Back in 2010, Vienna Teng found herself at an artistic crossroads. The former Bay Area resident — who once punched the clock at Cisco Systems — had been a full-time musician for eight years, often backed by her collaborator Alex Wong.
But as much as Teng loved that existence, she also felt drawn in another direction. "I had gotten to a point where I was ready to forge a new piece of my identity," says the singer-songwriter. "I had really gotten into — and started geeking out on — sustainability, in how to shape capitalism to the realities of living on one very crowded planet. And I realized that I could write some bad environmental songs and try to tour in a biodiesel van and recycle stuff. Or I could actually go and study this stuff, and do work that has an impact on a bigger scale."
So that's what the former computer science major chose. She dropped out of music, moved to Ann Arbor, and enrolled in the University of Michigan, just recently graduating with an MBA as well as an MS in environmental science.
"For me that was really exciting, and more where my heart was at, instead of writing another album of singer-songwriter-y songs," says Teng. "So I feel like I totally did the right thing with my life for the past few years. And I came back to music totally in love with it again."
Teng's effervescent new Aims album, her fifth, is awash in thoughtful, philosophical lyrics and a playful, '80s-retro sound that date-stamps it somewhere between epic Bonnie Tyler and ethereal Enya. Wong co-wrote (and appears on) one track, "The Breaking Light." But Teng penned everything else, played keyboards, piano, guitar and percussion, and co-produced the set in Nashville with Cason Cooley, while listening to other brainy pop composers like James Blake, Vampire Weekend, and Florence & the Machine.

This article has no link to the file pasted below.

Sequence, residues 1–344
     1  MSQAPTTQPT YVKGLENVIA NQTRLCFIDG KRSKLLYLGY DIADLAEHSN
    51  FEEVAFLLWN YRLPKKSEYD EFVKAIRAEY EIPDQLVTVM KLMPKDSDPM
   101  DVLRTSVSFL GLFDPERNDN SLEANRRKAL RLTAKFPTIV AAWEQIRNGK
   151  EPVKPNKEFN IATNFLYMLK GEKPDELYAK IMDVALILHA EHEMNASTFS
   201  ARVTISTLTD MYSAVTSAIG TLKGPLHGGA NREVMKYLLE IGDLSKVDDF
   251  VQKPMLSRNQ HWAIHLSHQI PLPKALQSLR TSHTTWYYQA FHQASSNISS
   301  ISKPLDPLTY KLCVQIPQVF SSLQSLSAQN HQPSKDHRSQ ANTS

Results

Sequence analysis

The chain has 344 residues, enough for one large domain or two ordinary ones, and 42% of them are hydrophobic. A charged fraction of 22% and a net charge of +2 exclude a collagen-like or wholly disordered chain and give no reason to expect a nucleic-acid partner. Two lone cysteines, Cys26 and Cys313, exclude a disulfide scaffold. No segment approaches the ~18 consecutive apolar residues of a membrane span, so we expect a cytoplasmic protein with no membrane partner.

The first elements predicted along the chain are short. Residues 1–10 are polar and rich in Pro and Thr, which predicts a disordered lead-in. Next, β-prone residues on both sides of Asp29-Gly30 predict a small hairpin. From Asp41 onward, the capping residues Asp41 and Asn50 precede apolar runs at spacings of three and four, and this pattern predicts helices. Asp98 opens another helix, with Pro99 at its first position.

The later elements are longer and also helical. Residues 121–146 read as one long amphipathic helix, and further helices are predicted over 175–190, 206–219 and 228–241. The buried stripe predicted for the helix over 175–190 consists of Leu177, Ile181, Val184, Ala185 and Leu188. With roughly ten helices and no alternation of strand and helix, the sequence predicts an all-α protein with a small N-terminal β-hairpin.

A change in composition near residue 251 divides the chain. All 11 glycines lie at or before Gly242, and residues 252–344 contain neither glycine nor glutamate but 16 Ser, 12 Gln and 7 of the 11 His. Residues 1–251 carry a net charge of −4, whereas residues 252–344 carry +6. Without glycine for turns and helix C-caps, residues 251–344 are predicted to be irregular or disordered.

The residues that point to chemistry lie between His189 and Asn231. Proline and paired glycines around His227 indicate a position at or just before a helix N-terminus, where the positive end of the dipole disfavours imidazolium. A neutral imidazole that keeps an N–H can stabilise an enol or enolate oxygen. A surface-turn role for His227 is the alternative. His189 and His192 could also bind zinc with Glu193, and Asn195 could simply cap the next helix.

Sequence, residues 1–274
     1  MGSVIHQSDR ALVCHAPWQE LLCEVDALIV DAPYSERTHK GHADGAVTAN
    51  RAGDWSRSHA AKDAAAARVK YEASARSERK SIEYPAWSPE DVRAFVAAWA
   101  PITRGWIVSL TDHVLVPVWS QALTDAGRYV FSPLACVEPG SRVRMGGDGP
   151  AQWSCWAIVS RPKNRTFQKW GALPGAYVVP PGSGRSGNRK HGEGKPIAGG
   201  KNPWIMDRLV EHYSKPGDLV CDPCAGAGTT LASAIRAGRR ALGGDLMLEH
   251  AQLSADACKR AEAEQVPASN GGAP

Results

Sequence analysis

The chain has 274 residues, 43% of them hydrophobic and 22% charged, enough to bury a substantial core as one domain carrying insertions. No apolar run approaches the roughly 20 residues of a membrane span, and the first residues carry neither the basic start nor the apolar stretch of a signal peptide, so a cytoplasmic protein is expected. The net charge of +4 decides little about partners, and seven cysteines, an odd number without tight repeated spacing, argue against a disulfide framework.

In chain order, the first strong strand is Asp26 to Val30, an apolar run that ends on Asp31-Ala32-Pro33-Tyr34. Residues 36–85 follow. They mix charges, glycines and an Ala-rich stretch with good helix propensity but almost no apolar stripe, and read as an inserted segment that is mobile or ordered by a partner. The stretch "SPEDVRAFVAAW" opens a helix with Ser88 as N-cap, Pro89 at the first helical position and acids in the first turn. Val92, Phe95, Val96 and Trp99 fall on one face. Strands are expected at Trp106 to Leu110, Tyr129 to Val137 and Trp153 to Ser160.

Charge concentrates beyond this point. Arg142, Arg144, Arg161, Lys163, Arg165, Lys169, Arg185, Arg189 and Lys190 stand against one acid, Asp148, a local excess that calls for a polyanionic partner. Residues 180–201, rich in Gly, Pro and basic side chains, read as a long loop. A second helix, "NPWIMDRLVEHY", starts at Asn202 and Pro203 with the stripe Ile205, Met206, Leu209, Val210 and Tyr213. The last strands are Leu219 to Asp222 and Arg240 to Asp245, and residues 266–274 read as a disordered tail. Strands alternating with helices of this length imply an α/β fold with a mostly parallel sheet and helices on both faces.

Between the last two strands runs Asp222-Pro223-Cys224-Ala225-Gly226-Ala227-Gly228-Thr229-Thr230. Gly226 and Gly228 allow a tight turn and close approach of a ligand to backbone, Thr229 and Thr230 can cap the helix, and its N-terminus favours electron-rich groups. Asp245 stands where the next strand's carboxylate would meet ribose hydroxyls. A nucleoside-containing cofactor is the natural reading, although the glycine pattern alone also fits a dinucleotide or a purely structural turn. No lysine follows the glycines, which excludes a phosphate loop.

"I had a great time making this album," she says. "On one hand, I want my music to serve a purpose, which sounds like I'm putting a lot more weight on it. But at the same time, I'm also having a lot more fun with it, and it matters less to me whether it's successful in the usual way. It's not super-important to me whether I get to make a lucrative career out of music. So I was trying to create this record for myself."
Aim opens with "Level Up," a frothy tune that invites listeners to get involved in something larger than themselves.
"It actually came out of a really depressing climate-change seminar that I'd taken," says Teng. "At one point the professor looked around and said 'How many of you people think that we're actually going to make it out of this thing?' And nobody raised their hand."
"In the 99" taps into the recent Occupy movement, while her duet with Glen Phillips, "Landsailor," resulted from Teng's fascination with her own carbon footprint, which she carefully calculated as a class exercise. For whatever product you utilize, she explains, "you have to take into account the original materials, how they were mined and transported. And actually writing it all out on a spreadsheet and adding it up really awakened me.
"I was like, 'Holy crap! There's a lot that goes in to one plastic spoon!'"